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Yes, the 'math error' letters from the IRS are real. Here's what's going on.

According to Fast Company, five million math error letters are being sent to people who claimed the recovery rebate credit.

Millions of Americans are getting letters from the IRS telling them their math is bad. 

Taxpayers are actually getting two letters — the first says there was an error on their tax return and changes were being made. Those letters are all called either CP11, CP12 or CP13. The second, called 64-70, tells people that they can appeal the correction made in the first letter. 

RELATED: IRS is sending out CP12 Notices to taxpayers. Here’s what it means.

All pretty confusing right? And that lead some taxpayers to suspect a scam. But the IRS says they are real.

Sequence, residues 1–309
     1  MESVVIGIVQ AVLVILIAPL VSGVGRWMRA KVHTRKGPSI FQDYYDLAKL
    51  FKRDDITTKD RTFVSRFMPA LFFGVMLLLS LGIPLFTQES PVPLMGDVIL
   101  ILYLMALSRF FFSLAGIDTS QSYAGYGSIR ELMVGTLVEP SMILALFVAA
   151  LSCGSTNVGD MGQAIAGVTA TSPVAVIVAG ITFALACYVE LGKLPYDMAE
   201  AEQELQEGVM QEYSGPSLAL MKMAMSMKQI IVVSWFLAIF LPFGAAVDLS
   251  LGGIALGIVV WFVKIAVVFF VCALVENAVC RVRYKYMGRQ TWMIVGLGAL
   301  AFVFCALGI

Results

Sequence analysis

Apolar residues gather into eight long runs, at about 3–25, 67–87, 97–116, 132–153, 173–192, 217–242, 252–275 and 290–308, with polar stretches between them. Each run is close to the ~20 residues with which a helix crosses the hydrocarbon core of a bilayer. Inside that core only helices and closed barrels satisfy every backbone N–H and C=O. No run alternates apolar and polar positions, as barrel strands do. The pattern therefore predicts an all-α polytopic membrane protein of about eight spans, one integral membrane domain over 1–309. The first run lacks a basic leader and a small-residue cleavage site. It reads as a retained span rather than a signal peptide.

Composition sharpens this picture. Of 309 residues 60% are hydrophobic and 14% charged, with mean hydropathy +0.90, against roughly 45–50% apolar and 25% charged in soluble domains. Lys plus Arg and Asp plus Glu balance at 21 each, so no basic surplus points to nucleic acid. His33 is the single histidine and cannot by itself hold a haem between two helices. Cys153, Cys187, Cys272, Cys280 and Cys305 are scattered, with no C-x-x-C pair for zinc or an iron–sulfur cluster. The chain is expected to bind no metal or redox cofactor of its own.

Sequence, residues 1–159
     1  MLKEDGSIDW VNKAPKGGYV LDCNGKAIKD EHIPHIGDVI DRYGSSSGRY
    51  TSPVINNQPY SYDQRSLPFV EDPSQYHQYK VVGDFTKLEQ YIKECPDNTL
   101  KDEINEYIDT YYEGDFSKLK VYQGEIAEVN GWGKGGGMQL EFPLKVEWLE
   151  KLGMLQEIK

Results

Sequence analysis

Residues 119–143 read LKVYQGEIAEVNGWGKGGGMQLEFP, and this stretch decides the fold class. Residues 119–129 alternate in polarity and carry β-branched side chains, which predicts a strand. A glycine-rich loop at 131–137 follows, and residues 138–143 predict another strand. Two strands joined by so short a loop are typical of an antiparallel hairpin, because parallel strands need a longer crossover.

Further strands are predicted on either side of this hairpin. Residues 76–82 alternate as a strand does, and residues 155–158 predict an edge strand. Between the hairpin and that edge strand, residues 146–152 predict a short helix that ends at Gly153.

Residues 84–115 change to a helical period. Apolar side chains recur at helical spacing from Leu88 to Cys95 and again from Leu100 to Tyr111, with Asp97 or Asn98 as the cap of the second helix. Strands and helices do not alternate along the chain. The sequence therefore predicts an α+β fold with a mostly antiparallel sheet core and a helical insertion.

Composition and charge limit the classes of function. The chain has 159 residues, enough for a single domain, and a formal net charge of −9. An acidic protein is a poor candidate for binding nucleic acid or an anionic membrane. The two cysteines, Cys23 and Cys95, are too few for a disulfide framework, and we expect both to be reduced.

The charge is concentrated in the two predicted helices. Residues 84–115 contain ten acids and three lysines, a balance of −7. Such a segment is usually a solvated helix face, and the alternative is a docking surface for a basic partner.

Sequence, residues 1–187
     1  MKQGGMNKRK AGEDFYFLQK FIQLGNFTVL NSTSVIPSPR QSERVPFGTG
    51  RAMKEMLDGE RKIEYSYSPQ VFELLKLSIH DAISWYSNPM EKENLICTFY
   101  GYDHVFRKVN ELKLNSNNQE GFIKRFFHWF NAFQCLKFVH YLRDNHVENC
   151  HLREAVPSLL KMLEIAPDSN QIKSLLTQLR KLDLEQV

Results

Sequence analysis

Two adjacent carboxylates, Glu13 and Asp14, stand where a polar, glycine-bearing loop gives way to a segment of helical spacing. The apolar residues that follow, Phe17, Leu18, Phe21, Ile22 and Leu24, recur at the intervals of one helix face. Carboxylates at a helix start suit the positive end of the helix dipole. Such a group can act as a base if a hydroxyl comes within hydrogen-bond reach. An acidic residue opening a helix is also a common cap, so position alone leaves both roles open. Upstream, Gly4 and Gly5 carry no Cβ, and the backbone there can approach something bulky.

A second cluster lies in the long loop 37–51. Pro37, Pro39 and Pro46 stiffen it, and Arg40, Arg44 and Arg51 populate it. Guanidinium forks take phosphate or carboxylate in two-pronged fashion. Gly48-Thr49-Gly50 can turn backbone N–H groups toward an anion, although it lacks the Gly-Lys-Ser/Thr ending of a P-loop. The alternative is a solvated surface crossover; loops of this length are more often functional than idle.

The Why

According to Fast Company, five million math error letters were sent out by the IRS starting in August. They are being sent to people who claimed the recovery rebate credit. That was the credit claimed by people who thought they qualified for the stimulus payment but hadn’t gotten their check before filing their taxes. Most of the letters were informing people they did not qualify for the credit or the amount was smaller than they thought.

But the IRS made a mistake and did not tell people in those letters they could appeal. That means a second letter had to be sent out telling people about their legal rights.

If you think the IRS is right you don’t have to respond. If you think they messed up, you have 60 days to say so. 

To get started, call the number on your letter.

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